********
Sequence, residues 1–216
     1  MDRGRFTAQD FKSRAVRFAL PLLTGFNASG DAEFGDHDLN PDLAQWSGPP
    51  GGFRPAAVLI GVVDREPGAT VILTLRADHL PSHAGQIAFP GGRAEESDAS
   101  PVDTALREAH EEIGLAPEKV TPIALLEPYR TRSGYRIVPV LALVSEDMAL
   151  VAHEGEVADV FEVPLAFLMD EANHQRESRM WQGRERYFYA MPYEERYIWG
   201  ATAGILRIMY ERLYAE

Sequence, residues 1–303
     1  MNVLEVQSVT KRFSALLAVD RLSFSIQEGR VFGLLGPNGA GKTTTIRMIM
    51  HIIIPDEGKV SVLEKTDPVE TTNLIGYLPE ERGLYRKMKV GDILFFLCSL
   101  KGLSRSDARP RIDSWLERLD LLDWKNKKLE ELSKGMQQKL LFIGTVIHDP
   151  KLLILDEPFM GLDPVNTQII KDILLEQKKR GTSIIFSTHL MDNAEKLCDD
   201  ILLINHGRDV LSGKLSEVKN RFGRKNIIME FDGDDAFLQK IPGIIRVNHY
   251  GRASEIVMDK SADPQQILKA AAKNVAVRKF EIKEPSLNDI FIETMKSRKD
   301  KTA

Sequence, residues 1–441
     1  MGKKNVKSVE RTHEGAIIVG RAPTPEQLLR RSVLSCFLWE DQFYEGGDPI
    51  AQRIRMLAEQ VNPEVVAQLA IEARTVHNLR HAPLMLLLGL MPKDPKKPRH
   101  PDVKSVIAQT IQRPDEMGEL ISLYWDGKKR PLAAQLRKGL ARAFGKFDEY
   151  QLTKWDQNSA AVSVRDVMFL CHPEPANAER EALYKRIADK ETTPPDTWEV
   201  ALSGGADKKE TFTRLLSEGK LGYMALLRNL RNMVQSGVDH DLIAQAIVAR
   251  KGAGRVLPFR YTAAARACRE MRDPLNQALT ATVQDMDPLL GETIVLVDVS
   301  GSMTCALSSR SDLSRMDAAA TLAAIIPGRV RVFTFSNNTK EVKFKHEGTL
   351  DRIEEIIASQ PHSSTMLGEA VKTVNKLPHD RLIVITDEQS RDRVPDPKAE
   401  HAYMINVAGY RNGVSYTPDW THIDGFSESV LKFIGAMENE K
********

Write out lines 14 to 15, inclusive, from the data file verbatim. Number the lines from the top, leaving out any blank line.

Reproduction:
   301  KTA

Sequence, residues 1–441